Marsh added that it’s also important to teach children the importance of financial literacy because having to depend on the bread winner is one of the reasons women remain in a domestic violence situation. Finances are a way an abuser tries to control his or her victim, she said.
Hutcheson and Marsh said financial literacy isn’t the only conversation parents should have with their children. The two said parents should talk about what is and isn’t a healthy relationship. JBM-HH offers classes to help reinforce the importance of healthy relationships.
“The Family Life (Program) chaplain is always having something about healthy relationships, and he has date night,” Marsh said. “The Marines have a class on how to avoid dating a jerk. No relationship is perfect, but people need help and advice.”
The VAs said their help also extends to finding resources for counseling, if needed food pantries, referrals to JBM-HH Army Community Service if financial help is needed or finding employment. The New Family Support Program is available for those who might be expecting parents.
“If they take that step … more people will take that step,” Hutcheson said. “If they say, ‘I see red flags and things are escalating — I need help,’ it’s wonderful that they can see it and ask for help because we have resources on the installation and in the local area as well to alleviate that stress.”
The VAs pointed out that domestic violence isn’t relegated to women because in recent years men have come forward and admitted to being abused.
Marsh said about half of her clients are men and they will sometimes wait until there is an extreme or dangerous incident before seeking help.
“(Men) do not come in because they are getting hit,” she said. “They wait until it gets to an extreme level, like when they have been stabbed or shot. They feel more shame than anger.”
Hutcheson and Marsh pointed out that a resource for spouses are other military spouses because they can provide a much-needed support system since they understand the military culture. Spouses also understand what it means to have an identity wrapped around the service member, she said.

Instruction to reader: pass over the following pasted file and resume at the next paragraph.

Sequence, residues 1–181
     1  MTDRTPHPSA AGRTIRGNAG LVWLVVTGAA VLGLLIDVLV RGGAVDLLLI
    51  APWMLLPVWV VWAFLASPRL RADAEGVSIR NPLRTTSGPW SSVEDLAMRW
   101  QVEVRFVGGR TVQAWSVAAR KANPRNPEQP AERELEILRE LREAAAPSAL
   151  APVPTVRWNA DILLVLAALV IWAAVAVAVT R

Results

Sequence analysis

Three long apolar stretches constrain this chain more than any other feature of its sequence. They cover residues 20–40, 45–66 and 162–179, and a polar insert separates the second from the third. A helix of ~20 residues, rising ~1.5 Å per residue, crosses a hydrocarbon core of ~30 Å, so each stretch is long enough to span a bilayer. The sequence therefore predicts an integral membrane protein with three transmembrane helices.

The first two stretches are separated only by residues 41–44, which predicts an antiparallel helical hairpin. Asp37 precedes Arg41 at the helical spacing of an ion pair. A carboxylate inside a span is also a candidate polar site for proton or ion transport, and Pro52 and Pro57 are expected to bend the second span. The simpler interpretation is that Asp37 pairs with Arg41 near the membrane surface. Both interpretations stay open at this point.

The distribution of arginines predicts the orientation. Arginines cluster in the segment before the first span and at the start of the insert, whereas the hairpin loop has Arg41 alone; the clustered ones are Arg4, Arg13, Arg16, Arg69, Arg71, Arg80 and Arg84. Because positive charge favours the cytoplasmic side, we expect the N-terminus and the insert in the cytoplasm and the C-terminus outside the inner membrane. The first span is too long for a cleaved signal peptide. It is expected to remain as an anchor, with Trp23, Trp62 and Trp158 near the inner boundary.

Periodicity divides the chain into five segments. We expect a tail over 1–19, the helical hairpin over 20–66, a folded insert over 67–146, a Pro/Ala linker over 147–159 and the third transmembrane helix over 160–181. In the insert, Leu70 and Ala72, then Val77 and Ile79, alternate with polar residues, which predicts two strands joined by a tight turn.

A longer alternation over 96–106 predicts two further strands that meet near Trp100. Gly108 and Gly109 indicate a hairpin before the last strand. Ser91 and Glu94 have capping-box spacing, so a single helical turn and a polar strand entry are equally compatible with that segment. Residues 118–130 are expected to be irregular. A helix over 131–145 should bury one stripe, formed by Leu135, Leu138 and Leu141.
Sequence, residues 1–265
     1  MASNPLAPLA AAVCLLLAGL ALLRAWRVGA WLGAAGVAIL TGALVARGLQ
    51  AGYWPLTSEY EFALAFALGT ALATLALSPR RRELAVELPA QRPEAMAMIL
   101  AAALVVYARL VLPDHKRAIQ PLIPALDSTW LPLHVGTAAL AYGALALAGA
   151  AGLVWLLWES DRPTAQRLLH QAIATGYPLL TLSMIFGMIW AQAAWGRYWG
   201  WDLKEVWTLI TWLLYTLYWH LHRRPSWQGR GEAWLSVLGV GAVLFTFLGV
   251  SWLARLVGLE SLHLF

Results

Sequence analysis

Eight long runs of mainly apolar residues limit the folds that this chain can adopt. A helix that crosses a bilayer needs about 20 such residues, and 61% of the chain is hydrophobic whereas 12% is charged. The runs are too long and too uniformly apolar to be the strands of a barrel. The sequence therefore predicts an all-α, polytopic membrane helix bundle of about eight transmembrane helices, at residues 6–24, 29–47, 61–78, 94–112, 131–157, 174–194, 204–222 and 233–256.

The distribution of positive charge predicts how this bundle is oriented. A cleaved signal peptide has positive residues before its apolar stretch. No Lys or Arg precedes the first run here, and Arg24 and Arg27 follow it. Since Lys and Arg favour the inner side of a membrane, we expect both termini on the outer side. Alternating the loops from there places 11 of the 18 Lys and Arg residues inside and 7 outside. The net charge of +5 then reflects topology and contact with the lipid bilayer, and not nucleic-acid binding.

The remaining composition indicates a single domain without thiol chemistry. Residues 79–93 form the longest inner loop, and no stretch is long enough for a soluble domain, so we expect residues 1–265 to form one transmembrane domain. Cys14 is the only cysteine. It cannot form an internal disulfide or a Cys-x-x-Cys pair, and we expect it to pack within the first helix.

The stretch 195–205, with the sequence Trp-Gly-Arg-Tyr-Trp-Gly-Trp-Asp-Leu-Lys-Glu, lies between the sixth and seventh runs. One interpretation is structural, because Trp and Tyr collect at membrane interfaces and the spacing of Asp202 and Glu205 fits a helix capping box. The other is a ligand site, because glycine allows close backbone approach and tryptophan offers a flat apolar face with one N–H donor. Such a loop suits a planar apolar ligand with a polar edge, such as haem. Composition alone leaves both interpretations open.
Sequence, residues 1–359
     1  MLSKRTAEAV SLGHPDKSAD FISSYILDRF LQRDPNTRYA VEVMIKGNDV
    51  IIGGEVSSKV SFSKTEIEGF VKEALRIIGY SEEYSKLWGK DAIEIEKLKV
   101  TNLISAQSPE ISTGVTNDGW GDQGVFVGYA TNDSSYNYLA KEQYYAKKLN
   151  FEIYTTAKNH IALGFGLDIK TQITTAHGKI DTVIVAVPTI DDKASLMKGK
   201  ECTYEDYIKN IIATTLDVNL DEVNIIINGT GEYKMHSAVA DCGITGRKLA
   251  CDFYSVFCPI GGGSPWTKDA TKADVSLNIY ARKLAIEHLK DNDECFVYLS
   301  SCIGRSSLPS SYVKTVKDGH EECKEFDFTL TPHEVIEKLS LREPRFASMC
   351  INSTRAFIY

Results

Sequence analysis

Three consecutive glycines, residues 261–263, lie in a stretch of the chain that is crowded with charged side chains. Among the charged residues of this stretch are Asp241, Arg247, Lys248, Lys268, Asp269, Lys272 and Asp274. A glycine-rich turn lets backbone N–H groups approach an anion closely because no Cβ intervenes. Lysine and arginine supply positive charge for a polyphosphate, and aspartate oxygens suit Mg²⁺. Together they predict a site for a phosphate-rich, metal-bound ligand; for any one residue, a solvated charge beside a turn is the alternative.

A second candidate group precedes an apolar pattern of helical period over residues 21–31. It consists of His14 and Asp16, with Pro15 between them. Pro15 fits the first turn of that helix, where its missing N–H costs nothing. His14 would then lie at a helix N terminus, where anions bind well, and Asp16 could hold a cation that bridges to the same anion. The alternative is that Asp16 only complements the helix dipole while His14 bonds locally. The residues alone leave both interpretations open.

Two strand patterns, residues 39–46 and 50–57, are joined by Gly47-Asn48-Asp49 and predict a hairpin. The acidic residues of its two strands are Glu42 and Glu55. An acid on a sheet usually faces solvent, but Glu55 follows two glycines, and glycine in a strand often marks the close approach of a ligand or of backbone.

“You have to remember,” Hutcheson said, “when the spouse is asked what their name is, they actually will say, ‘my husband is commander so-and-so.’ They identify completely as the wife of a captain or a colonel. They wrap their whole life into this person’s career, so their identity is defined by the identity of the service member.”
Having that identity wrapped around the service member’s career can also breed embarrassment after a domestic violence incident, she said. Marsh added that the abused spouse might believe he or she is being judged by others.
“A lot of times the abuser will isolate the victim from Family and friends,” Marsh said. “(The survivor) may have a feeling of helplessness, lose sense of self, doesn’t have finances and may feel as though they can’t have control of (his or her) own life,” Marsh said.
As October ends, the VAs said it’s vital that the community remains vigilant about the perils of domestic violence and how it impacts the Family.
To contact the victim hotline, call (703) 919-1611. To contact Marsh or Hutcheson, visit Bldg. 201.
By Katrina Wilson